Friday, August 7, 2009

Loss Assessment Coverage, Your Home, and the Property Value Argument

I was not aware of this particular coverage offered by many insurance companies, but I found it to be interesting. "Loss Assessment Coverage" is an insurance for special assessments placed on your property. This insurance differs from company to company, but it covers specific causes for a Homeowner's Association, or Condominium's Association assessment.

What exactly is covered?

According to State Farm's website, it covers the following:
  • Someone is seriously injured on common property (perhaps at a swimming pool)and the courts award a judgment that's higher than the amount of liability coverage provided by the condominium/association policy.
  • Major damage occurs to commonly owned buildings and it is not fully covered by insurance.
In an instance like what is listed above, if an injury or damaging event occurs on or to common property, and either the association's insurance does not fully cover the incident or the association does not have the money to cover the remainder. The association, having to make up the difference, would have to turn to the membership for the rest, and they would do so in the form of a "Special Assessment". Some policies are not limited to injury or damage, but can also cover problems that arise from a director's or officer's negligence.

Most homeowners are either not aware (due to their own apathy) or accept the amount of risk in not carrying such insurance. Considering 2004, when Hurricane Charley, Frances, Ivan, and Jeanne hit Florida, with damage totaling over $42 billion, the amount of damage that consisted of commonly held property in homeowners associations (club houses, golf courses, etc.), not having such insurance can be a tremendous gamble because the costs, even though evenly distributed throughout the neighborhood, can be costly, and this is just looking at figures for property damage. A lawsuit on a small neighborhood could be detrimental to everyone who does not carry such insurance. A hurricane is actually a perfect metaphor for special assessments. You see it coming, you hope for the best, but you can potentially get hit with staggering amounts of damage and cost.

A lawsuit such as the one in Sand Lake Hills in Orlando, Florida is already totaling over $100,000 (and this is only the plaintiff's costs), and the defendants list not only the HOA, but almost 100 homeowners. Assuming that the HOA's costs are similar, that would total $200,000, or $2000 per homeowner. Seemingly insignificant when considering the original costs, how many people in a middle class neighborhood have a few thousand dollars to spare, especially in a time of economic uncertainty? An article by Joel W. Meskin in the New Jersey Cooperator (a HOA, Condo, and Co-op Monthly) mentions an case with his own association where a judgment was reached in the amount of $1.5 million dollars against the association. The association had $1 million dollars in general liability insurance, leaving $500,000 to be levied through special assessments on the 10-person neighborhood, totaling a whopping $50,000 per homeowner. This is the kind of incident that can bankrupt an entire neighborhood.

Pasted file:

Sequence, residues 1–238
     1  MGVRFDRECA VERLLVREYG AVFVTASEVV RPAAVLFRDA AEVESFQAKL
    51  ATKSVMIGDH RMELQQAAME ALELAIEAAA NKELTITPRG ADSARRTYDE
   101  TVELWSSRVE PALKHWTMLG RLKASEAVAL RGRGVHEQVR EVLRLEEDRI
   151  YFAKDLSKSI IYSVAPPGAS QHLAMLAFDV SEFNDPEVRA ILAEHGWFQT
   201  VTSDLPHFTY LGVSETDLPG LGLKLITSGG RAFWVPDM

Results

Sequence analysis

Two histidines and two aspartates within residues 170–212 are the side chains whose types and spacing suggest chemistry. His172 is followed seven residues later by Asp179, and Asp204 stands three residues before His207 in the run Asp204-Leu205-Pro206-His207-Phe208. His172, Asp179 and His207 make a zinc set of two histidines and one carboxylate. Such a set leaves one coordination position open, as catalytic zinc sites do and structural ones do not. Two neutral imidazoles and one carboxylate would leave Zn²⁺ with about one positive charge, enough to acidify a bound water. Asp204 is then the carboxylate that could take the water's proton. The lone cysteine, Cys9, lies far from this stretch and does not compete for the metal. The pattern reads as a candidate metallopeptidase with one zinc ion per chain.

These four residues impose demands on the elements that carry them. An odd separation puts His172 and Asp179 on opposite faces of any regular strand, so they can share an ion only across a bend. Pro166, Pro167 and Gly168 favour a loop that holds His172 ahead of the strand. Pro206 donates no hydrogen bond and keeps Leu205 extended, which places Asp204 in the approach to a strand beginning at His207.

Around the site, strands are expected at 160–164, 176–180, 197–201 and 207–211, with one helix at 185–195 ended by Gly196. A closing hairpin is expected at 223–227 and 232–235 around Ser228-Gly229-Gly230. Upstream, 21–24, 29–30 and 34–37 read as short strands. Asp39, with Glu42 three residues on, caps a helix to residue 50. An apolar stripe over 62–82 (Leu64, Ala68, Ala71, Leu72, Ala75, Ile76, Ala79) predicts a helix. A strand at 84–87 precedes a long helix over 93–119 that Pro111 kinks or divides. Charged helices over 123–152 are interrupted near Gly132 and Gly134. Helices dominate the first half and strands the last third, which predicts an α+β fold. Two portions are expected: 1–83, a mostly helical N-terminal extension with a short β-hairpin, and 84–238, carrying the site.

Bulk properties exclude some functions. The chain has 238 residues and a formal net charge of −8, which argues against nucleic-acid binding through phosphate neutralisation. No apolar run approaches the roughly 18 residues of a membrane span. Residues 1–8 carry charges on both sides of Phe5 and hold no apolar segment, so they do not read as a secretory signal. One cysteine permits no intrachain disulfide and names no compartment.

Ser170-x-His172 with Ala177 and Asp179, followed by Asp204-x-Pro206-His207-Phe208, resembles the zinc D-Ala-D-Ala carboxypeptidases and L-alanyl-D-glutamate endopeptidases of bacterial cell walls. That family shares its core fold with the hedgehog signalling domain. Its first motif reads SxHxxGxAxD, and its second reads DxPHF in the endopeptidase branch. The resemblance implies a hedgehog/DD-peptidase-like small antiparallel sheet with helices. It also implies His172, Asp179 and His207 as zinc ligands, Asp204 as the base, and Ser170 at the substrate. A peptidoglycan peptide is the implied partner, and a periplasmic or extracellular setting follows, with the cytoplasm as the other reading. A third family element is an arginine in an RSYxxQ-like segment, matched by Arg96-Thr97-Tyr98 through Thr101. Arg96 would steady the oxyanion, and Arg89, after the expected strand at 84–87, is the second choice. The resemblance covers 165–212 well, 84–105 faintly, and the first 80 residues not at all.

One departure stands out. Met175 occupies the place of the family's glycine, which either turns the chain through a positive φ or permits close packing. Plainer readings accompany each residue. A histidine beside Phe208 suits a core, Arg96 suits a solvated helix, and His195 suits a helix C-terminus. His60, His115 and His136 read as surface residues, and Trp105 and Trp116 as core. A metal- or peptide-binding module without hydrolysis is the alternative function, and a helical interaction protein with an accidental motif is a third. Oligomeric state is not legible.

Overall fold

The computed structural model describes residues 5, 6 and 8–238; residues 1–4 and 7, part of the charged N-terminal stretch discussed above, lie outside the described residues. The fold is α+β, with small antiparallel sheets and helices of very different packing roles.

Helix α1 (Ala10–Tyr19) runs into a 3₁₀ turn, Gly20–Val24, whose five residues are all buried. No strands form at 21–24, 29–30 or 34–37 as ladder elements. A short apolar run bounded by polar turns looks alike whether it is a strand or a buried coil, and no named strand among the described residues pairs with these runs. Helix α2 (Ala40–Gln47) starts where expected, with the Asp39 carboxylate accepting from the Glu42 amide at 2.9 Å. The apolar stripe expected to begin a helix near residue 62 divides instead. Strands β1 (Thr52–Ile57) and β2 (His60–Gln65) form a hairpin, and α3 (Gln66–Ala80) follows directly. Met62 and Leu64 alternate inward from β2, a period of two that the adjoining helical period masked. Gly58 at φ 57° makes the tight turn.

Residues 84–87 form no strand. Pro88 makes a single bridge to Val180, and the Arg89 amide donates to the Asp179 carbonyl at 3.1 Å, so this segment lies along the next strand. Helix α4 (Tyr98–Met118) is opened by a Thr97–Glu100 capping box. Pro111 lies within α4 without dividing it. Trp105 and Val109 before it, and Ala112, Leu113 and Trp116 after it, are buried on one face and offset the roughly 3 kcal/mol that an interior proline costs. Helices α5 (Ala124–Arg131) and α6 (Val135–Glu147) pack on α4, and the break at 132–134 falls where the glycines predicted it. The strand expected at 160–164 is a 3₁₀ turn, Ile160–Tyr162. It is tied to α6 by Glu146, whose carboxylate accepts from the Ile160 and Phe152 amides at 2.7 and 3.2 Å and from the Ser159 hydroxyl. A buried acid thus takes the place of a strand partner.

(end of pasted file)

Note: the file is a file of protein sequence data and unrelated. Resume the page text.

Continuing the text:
Homeowners tend to forget that as a member of an association, they are members of a corporation, which makes them liable to the corporation, for instance, Florida Statute 617 states that "A member may become liable to the corporation for dues, assessments, or fees as provided by law". Considering the amended and restated covenants of Sand Lake Hills, assessments "can be increased or decreased from time to time pursuant to the terms of the Association’s Bylaws". Further look into the by-laws specify that assessments "can be increased or decreased from time to time pursuant to the approval of a majority of Directors of the Board of Directors." In layman's terms, the Board of Directors, not the membership, have the power to levy assessments whenever they choose. If the Board decides it wants to make a $2 million assessment, they can. This is basically a license to steal. The liability on your personal property can be potentially huge!

That leads me to my second point...

The biggest talking point for homeowners associations is that owning a home in such a community will increase your property value, and typically, these claims are in the tens of thousands range. This theory is a trickle down effect from lobbyist groups, such as the Community Associations Institute, that hits the volunteer army of many associations. Board Presidents and Treasurers tout their expertise in raising your property value by planting flowers by the entrance or installing irrigation in county-owned cul-de-sacs, but are their efforts really going to give you a significant boost in the real estate market?